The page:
A viscoelastically prestressed polymeric matrix composite (VPPMC) is produced by subjecting polymeric fibres to tensile creep, the applied load being removed before moulding the fibres into a resin matrix. After matrix curing, the viscoelastically strained fibres impart compressive stresses to the surrounding matrix, thereby improving mechanical properties. This study investigated the mechanisms considered responsible for VPPMCs improving impact toughness by performing Charpy impact tests on unidirectional nylon 6,6 fibre–polyester resin samples over a range of span settings (24–60 mm) and fibre volume fractions (3.3–16.6%). Comparing VPPMC samples with control (unstressed) counterparts, the main findings were: (i) improved impact energy absorption (up to 40%) depends principally on shear stress-induced fibre–matrix debonding (delamination) and (ii) energy absorption improves slightly with increasing fibre volume fraction, but the relationship is statistically weak. The findings are discussed in relation to improving the impact performance of practical structures.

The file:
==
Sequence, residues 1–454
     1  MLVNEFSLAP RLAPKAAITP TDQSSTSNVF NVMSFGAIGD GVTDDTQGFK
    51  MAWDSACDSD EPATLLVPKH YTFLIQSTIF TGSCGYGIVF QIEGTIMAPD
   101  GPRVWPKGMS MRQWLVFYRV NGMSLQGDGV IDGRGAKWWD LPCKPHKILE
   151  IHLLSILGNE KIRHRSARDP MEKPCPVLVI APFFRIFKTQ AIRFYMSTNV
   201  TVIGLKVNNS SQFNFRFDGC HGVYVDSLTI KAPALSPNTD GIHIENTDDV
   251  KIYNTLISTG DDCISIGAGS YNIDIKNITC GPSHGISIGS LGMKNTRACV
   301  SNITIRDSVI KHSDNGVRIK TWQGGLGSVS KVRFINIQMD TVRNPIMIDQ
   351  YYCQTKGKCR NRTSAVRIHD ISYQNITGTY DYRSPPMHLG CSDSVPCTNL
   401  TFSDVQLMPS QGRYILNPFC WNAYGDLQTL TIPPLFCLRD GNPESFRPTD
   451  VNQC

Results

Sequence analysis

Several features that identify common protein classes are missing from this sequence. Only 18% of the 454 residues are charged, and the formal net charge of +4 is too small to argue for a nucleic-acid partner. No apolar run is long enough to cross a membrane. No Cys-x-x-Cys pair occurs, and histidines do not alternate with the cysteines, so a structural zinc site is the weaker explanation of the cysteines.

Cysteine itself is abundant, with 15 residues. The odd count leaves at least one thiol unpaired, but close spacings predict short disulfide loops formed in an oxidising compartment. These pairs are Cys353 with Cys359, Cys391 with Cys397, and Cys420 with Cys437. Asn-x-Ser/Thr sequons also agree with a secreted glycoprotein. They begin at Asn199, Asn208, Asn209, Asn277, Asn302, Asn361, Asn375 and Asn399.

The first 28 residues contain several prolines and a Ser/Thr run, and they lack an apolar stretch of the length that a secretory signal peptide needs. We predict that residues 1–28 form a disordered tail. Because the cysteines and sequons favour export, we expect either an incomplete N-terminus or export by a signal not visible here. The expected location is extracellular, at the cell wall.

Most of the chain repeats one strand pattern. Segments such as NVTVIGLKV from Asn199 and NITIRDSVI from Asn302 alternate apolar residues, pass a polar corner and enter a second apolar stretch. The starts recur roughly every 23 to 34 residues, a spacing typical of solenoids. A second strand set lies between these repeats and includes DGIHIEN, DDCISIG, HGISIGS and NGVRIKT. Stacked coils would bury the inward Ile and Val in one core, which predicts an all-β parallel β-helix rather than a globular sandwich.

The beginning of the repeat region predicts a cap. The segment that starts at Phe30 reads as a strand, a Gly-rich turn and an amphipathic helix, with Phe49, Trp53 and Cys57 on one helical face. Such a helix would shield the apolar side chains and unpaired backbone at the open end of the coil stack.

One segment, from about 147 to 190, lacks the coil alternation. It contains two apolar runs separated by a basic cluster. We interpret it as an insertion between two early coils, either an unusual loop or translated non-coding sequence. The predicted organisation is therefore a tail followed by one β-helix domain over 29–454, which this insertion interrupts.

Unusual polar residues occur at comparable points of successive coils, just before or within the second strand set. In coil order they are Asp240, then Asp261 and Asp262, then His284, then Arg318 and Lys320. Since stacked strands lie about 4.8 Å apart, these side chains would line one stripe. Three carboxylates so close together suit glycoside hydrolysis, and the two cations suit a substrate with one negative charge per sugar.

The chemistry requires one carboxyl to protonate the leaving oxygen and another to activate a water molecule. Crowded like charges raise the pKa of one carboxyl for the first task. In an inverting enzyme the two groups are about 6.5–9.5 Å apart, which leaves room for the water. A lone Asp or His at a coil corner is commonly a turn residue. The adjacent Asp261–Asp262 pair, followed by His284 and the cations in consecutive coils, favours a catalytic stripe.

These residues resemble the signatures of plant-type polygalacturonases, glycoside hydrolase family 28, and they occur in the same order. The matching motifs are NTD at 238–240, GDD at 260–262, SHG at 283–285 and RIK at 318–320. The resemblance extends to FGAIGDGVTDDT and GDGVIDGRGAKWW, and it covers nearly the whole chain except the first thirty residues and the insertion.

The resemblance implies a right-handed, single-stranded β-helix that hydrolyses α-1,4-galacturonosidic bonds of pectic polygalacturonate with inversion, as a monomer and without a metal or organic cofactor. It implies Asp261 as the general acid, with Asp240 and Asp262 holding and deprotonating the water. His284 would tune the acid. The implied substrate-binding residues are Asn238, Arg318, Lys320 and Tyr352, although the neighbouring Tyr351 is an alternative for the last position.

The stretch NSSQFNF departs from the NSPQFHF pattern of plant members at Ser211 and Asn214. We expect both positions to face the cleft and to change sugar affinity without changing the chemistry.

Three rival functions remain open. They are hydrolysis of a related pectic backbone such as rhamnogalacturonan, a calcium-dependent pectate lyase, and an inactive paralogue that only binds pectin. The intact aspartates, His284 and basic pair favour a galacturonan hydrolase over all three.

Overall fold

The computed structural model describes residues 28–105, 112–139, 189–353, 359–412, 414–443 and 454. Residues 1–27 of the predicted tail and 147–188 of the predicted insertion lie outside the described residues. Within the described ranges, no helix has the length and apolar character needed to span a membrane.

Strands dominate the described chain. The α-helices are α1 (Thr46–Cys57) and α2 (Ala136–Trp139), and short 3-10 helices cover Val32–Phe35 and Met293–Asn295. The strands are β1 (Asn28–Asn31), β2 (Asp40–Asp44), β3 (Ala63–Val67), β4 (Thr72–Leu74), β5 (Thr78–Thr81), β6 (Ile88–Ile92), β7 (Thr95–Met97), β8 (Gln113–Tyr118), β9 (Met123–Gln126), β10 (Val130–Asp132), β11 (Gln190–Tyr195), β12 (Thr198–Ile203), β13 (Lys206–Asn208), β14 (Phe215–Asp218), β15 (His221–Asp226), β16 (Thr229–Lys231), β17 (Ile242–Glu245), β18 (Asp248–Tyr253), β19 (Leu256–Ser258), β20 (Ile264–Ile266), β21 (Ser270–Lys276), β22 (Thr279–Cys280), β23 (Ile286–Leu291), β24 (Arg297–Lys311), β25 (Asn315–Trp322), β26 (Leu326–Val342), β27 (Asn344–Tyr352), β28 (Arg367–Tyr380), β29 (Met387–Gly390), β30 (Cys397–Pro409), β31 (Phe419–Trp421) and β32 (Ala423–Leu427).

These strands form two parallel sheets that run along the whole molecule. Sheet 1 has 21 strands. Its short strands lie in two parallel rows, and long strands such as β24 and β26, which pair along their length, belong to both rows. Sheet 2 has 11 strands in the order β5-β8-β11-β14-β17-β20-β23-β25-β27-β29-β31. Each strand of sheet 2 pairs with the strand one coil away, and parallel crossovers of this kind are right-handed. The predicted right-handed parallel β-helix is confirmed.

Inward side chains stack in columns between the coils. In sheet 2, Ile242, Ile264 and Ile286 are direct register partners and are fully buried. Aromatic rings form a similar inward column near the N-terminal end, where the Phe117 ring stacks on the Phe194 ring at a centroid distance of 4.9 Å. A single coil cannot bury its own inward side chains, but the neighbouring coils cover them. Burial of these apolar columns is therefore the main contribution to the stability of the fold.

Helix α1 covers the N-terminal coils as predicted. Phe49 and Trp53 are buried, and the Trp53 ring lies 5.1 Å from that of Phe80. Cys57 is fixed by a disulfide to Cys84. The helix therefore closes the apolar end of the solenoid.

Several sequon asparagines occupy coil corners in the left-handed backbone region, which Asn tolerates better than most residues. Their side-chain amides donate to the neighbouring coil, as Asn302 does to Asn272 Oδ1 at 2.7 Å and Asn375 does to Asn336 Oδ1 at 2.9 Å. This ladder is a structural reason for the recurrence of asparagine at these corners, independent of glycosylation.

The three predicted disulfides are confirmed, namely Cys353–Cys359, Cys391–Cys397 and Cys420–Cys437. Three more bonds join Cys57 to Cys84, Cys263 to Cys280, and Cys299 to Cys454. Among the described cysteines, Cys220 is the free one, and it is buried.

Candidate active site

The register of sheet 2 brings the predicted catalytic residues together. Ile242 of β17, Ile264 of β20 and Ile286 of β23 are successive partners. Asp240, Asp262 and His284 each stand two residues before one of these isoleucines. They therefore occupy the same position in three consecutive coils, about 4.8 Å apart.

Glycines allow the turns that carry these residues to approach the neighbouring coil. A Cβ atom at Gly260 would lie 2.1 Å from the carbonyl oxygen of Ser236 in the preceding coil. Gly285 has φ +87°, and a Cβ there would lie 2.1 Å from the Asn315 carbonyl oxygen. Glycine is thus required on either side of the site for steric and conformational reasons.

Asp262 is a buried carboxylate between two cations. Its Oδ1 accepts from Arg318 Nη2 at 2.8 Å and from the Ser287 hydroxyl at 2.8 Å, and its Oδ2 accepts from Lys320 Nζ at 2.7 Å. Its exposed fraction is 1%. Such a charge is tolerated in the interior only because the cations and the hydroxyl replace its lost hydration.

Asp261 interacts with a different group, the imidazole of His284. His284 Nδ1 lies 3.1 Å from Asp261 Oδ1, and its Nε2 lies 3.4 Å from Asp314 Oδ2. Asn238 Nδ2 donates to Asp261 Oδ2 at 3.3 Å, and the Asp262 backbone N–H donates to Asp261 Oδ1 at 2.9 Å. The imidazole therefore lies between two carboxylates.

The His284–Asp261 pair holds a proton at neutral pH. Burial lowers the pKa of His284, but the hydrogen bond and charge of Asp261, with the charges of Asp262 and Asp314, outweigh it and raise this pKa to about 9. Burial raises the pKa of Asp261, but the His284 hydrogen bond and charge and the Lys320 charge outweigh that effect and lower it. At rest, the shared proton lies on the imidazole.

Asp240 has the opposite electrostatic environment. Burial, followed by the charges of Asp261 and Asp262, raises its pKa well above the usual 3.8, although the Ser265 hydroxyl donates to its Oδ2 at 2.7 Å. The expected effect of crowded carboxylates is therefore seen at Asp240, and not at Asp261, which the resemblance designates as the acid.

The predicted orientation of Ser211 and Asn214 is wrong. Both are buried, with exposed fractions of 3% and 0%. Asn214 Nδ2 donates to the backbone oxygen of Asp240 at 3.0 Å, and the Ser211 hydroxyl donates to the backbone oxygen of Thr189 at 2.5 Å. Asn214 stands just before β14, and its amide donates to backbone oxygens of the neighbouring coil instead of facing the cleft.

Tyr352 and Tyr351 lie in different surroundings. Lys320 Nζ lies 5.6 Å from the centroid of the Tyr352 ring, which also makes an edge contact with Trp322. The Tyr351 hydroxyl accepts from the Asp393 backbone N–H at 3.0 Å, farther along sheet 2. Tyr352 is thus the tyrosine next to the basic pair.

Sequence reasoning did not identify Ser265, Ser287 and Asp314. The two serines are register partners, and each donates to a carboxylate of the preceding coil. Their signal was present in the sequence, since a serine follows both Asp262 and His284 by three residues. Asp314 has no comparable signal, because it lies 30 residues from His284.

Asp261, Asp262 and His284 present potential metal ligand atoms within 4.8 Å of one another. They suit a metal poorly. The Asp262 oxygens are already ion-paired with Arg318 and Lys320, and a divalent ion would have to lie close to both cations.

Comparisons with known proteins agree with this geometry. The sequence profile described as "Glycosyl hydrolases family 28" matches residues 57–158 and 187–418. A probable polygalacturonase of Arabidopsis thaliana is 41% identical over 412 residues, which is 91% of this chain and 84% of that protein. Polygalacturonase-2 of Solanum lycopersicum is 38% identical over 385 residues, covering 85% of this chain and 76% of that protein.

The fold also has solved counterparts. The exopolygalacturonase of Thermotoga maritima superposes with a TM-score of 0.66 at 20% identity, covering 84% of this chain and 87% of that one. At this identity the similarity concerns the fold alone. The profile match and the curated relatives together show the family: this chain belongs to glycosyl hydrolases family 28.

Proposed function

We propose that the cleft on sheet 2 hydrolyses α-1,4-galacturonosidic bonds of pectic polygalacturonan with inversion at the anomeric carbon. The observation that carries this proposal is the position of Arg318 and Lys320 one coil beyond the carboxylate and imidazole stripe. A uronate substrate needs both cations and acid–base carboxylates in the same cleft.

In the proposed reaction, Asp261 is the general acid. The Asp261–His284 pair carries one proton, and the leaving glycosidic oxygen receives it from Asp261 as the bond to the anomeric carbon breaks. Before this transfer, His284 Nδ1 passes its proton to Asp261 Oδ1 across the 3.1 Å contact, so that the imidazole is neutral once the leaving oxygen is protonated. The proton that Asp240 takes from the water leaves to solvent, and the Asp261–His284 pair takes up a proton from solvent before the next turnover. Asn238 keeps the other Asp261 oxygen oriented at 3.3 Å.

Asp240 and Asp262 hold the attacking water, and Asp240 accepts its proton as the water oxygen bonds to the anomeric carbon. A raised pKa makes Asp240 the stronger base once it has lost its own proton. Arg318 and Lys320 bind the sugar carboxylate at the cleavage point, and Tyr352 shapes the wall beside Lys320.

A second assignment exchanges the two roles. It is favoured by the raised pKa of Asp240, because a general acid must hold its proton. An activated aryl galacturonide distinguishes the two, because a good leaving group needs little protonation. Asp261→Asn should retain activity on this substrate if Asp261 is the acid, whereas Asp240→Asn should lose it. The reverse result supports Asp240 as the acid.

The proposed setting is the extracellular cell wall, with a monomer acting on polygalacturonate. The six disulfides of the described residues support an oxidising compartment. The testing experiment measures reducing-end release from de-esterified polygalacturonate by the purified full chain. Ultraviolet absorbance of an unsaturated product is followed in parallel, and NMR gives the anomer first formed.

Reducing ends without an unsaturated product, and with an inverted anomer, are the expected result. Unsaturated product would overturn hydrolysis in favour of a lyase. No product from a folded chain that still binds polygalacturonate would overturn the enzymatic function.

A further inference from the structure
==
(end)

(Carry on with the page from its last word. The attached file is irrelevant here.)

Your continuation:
- A. Polymer–matrix composites
- B. Impact behaviour
- D. Mechanical testing
Fazal, A., & Fancey, K. S. (2013). Viscoelastically prestressed polymeric matrix composites – Effects of test span and fibre volume fraction on Charpy impact characteristics. Composites Part B: Engineering, 44(1), 472-479. https://doi.org/10.1016/j.compositesb.2012.04.004